Letter | Published:

Measurement-based control of a mechanical oscillator at its thermal decoherence rate

Nature volume 524, pages 325329 (20 August 2015) | Download Citation


In real-time quantum feedback protocols1,2, the record of a continuous measurement is used to stabilize a desired quantum state. Recent years have seen successful applications of these protocols in a variety of well-isolated micro-systems, including microwave photons3 and superconducting qubits4. However, stabilizing the quantum state of a tangibly massive object, such as a mechanical oscillator, remains very challenging: the main obstacle is environmental decoherence, which places stringent requirements on the timescale in which the state must be measured. Here we describe a position sensor that is capable of resolving the zero-point motion of a solid-state, 4.3-megahertz nanomechanical oscillator in the timescale of its thermal decoherence, a basic requirement for real-time (Markovian) quantum feedback control tasks, such as ground-state preparation. The sensor is based on evanescent optomechanical coupling to a high-Q microcavity5, and achieves an imprecision four orders of magnitude below that at the standard quantum limit for a weak continuous position measurement6—a 100-fold improvement over previous reports7,8,9—while maintaining an imprecision–back-action product that is within a factor of five of the Heisenberg uncertainty limit. As a demonstration of its utility, we use the measurement as an error signal with which to feedback cool the oscillator. Using radiation pressure as an actuator, the oscillator is cold damped10 with high efficiency: from a cryogenic-bath temperature of 4.4 kelvin to an effective value of 1.1 ± 0.1 millikelvin, corresponding to a mean phonon number of 5.3 ± 0.6 (that is, a ground-state probability of 16 per cent). Our results set a new benchmark for the performance of a linear position sensor, and signal the emergence of mechanical oscillators as practical subjects for measurement-based quantum control.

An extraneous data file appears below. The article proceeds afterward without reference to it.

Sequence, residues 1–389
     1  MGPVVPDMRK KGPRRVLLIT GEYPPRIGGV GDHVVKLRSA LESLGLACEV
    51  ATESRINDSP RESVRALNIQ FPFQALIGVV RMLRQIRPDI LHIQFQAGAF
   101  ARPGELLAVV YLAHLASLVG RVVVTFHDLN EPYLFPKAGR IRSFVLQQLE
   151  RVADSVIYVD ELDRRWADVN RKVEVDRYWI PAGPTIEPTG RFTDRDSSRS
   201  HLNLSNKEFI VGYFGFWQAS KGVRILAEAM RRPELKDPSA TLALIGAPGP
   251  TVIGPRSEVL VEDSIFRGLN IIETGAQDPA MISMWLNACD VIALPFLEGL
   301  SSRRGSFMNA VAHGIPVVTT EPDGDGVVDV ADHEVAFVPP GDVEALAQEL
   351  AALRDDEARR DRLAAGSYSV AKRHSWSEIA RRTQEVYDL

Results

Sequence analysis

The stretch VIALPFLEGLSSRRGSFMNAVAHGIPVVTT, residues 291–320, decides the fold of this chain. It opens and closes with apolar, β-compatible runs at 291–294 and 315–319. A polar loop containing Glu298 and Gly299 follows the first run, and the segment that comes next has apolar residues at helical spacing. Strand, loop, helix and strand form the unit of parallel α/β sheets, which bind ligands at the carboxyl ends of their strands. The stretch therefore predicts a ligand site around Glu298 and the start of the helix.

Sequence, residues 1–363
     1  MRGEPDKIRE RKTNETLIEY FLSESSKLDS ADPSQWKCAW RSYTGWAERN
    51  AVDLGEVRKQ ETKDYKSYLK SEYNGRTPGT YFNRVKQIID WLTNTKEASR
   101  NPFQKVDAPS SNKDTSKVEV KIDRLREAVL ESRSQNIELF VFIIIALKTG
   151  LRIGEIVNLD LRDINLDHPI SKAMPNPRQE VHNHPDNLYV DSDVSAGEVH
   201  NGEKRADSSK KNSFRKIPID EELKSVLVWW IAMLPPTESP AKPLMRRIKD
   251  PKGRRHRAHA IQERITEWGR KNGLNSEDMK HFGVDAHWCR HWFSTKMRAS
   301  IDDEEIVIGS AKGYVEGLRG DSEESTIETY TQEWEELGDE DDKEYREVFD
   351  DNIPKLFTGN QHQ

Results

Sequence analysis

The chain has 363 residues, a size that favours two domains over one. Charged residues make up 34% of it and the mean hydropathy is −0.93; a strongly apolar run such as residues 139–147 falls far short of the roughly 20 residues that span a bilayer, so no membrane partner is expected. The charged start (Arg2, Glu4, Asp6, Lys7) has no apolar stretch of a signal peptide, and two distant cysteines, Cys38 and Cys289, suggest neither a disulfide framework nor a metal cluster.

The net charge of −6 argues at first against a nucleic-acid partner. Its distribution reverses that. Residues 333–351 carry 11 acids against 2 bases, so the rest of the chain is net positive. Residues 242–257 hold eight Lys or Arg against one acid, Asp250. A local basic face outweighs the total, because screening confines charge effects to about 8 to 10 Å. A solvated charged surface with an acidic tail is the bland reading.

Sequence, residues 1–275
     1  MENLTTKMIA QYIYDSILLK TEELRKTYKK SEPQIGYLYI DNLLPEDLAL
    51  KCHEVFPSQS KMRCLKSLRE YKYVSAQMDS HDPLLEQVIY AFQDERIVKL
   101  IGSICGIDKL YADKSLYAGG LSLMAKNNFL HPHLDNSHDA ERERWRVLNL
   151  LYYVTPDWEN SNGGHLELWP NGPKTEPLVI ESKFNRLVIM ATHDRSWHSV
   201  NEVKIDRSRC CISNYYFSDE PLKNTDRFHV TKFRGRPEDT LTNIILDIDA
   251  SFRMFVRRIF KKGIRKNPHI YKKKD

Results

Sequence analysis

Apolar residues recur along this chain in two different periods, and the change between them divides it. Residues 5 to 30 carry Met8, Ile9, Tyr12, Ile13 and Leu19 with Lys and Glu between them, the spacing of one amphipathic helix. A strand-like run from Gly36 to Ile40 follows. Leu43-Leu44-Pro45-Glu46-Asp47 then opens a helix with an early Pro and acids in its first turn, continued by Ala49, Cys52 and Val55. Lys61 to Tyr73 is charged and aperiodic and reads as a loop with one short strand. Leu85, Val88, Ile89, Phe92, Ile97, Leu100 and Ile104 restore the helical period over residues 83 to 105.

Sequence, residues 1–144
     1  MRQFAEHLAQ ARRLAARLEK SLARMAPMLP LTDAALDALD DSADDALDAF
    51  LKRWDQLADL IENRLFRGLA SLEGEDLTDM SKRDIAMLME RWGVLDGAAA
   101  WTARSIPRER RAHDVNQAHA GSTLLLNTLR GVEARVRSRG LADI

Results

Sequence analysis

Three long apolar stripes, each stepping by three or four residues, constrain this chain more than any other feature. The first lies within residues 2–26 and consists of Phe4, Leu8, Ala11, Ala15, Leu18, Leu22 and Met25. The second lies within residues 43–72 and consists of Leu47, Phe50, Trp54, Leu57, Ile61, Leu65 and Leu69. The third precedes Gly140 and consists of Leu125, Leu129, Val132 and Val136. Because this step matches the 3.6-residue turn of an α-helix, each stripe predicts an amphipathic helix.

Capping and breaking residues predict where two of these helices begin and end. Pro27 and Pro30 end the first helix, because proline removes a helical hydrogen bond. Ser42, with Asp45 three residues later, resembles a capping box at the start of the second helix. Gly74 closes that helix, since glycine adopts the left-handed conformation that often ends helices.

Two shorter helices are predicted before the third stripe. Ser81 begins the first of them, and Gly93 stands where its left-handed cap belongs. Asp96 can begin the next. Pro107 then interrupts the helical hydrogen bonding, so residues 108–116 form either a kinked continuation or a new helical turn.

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We acknowledge nanofabrication advice from E. Gavartin in the early stages of the project. All samples were fabricated at the CMi (Center for Micro-Nanotechnology) at EPFL. Research was funded by an ERC Advanced Grant (QuREM), by the DARPA/MTO ORCHID programme, the Marie Curie Initial Training Network ‘Cavity Quantum Optomechanics’ (cQOM), the Swiss National Science Foundation and through support from the NCCR of Quantum Engineering (QSIT). N.P. and D.J.W. acknowledge support from the European Commission through Marie Skodowska-Curie Fellowships: IEF project 303029 and IIF project 331985, respectively.

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  1. Institute of Condensed Matter Physics, École Polytechnique Fédérale de Lausanne (EPFL), CH-1015 Lausanne, Switzerland

    • D. J. Wilson
    • , V. Sudhir
    • , N. Piro
    • , R. Schilling
    • , A. Ghadimi
    •  & T. J. Kippenberg


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R.S., A.G. and D.J.W. contributed to the design and initial characterization of the device. R.S. developed, implemented and optimized the fabrication process. A.G. developed and implemented a numerical model to aid in device optimization. D.J.W., V.S. and N.P. conceived of, designed and performed the experiment. V.S. and D.J.W. analysed the data with support from N.P. V.S. developed the theoretical framework of the experiment with support from D.J.W. and N.P. V.S. wrote sections I and II of the Supplementary Information. R.S., V.S., D.J.W. and A.G. wrote section III of the Supplementary Information. D.J.W., N.P. and V.S. wrote sections IV and V of the Supplementary Information. D.J.W. wrote the main text with support from all other authors. T.J.K. oversaw all aspects of the work.

Competing interests

The authors declare no competing financial interests.

Corresponding author

Correspondence to T. J. Kippenberg.

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    Supplementary Information

    This file contains Supplementary Text and Data, Supplementary Figures 1–8, Supplementary Table 1 and additional references (see Contents for details).

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